Tech student survives brain aneurysm to pursue dream career
Kristyn Smith, an upcoming Spring 2023 graduate of Louisiana Tech University, has defied the odds by recovering from a sudden ruptured brain aneurysm and pursuing her passions in the field of veterinary medicine.
Smith began her Tech journey in 2014, initially pursuing a degree in Kinesiology with plans to become a physical therapist. After speaking with Dr. William Green, the director of Tech’s School of Agricultural Sciences and Forestry at the time, Smith decided to chase her childhood dreams of becoming a veterinarian. She excelled in her pre-vet classes and began volunteering at 4Paws Rescue Inc. in Ruston. She shadowed multiple veterinarians at 4Paws and was offered a Shelter Manager position after some time there.
In 2017, after making a house call in Ruston to administer an insulin shot to a dog, she returned to 4Paws and began complaining of an intense headache. She was rushed to a local hospital and intubated. Medical personnel discovered she had “blood on her brain” after suffering a ruptured brain aneurysm. The hospital transferred her to a trauma center in Shreveport, where she underwent lifesaving surgery to repair the aneurysm and stop the bleeding. The prognosis was grim, as doctors predicted she would be paralyzed on her left side and bedridden for life if she survived.
Smith had to undergo another surgery the following day to remove part of her skull to prevent a stroke. After spending 10 days in a coma, she finally regained consciousness but could communicate using hand signals only. Her situation was so dire that the social worker asked her family which nursing home they wanted to send her to.
After consultation with the medical staff, the family agreed to have Smith transferred to TIRR Memorial Hermann in Houston for rehabilitation. There, she began intensive physical, occupational, and speech therapy. At the time, she could not hold her head up on her own and could not talk, eat, or move her left-side limbs.
As therapy continued, Smith showed some progress, and it surprised her family when she finally began to communicate that she had school on her mind.
“I will never forget the day when she woke up one morning doing a handwriting motion,” said Karyn Smith, Kristyn’s mother. “She wanted to write. We got her a dry-erase board so she could communicate more with us. She started asking, ‘When can I go back to Tech?’”
What followed were months of hospital transfers and surgeries as Smith moved from Shreveport to Houston and eventually to Pate Rehabilitation in Anna, Texas. Smith’s mother lived with her at an inpatient building at Pate, and they spent Thanksgiving, Christmas, and New Year’s Day together there as she rehabbed. Eventually, she transitioned from a wheelchair to a walking cane and was equipped with hearing aids.
Throughout 2018, despite more surgeries and continued rehabilitation, Smith never stopped setting her sights on a return to Ruston and to Tech.
“I was told that I needed to ‘accept the new normal’ and that she would never be able to return to college,” Karyn said. “We then had her evaluated and tested, and she was told she could try to start back to college by taking one class at a time. We offered her to attend college in Dallas or Houston around family. She refused. She wanted to be back at Louisiana Tech and in Ruston to complete what she started. She would not settle for anything else.”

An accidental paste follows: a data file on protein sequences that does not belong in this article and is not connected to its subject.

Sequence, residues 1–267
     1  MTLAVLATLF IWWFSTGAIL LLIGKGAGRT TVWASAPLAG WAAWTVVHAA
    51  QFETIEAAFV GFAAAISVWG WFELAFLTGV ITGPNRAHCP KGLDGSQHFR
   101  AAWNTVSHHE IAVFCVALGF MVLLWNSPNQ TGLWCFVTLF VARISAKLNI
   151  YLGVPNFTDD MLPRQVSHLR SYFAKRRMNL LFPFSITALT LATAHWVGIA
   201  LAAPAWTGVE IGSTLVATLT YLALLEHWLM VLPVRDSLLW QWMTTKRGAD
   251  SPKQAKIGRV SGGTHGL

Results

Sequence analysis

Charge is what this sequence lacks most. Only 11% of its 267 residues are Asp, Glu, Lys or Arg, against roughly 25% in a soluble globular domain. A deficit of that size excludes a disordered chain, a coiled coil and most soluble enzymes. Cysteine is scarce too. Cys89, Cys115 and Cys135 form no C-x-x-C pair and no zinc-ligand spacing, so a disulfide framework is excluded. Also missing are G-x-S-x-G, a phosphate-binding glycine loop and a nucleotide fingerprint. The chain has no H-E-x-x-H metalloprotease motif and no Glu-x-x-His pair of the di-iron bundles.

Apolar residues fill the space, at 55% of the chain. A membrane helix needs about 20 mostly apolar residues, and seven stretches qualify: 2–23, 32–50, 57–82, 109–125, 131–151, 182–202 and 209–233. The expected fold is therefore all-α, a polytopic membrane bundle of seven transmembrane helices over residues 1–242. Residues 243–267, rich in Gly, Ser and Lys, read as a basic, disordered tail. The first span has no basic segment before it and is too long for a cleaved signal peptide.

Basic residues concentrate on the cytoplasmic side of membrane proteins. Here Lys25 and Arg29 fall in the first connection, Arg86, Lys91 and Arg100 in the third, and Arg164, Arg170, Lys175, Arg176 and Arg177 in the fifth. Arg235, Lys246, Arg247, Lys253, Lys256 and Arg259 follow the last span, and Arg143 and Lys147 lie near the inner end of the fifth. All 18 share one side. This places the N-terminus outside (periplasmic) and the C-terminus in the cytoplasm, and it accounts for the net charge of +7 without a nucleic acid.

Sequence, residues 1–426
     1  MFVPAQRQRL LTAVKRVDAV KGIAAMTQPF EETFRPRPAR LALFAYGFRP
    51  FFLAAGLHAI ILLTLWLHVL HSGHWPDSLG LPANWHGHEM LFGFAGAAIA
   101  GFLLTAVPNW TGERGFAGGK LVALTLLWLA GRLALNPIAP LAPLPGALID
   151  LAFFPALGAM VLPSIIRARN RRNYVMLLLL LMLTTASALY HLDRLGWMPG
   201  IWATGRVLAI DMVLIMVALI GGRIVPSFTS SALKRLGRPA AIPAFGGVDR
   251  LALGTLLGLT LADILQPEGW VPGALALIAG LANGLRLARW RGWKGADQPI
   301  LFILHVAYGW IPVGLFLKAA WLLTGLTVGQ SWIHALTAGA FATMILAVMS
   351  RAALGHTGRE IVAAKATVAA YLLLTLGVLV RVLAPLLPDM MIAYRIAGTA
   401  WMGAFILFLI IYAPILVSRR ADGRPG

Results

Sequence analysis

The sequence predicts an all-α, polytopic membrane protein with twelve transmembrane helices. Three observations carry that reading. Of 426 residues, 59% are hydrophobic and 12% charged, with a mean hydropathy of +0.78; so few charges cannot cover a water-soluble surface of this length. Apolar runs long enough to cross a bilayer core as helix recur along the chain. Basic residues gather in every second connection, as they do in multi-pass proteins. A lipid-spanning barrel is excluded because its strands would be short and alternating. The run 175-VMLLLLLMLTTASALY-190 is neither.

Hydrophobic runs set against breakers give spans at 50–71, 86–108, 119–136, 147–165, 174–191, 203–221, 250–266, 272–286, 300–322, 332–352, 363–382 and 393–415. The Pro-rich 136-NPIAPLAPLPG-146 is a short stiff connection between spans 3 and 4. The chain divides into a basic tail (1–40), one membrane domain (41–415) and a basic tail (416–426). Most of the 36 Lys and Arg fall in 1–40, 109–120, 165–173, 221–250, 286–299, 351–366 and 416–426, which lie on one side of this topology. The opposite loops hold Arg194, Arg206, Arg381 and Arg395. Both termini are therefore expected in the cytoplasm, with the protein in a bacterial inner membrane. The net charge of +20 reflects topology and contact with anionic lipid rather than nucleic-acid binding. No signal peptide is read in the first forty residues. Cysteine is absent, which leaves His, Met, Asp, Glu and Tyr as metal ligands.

Smith would move back home to Monroe in the summer of 2020, and she managed to begin taking online classes during the COVID-19 pandemic while still attending therapy full-time. Her resolve led her to a full return to Louisiana Tech in the fall of 2021.
Her return to Tech was full of challenges — she was unable to drive, having lost her peripheral vision due to brain bleed. She had regained the ability to walk on her own, but her mobility was limited, especially on her left side. Smith’s mother moved into her apartment with her to help her get to classes and arrange tutoring sessions. Her short-term memory had been adversely affected by her trauma, and she had to adapt to new learning and memorization methods while she studied and attended class.
As she took on her remaining curriculum — she even took sign language as an elective so she could communicate with others who had suffered similar injuries and were unable to talk — Smith was grateful for the help and encouragement of Dr. Mark Murphey, Program Chair of Agricultural Sciences at Louisiana Tech.
“I just treated Kristyn like any other student,” Murphey said. “I guided her along where I could, but it was all her. I’m proud of how she’s persevered, and her determination and dedication are what’s gotten her to this point.”
Smith has gone from a dire prognosis to the final days of her final class before graduating from Louisiana Tech, a journey that began in 2014 and resumed thanks to her desire to continue her education and pursue her passion at the University. Today, her vision has improved and allowed her driver’s license to be reinstated. She has her hearing back. And when she walks — something she was told she’d never do again — across the stage on May 20, it will be a moment of hard-earned triumph.
“I do believe with all my heart that her wanting to be back at Louisiana Tech pushed her through the darkest days,” Karyn Smith said. “She is a true miracle. This is why we call her Kristyn Strong.”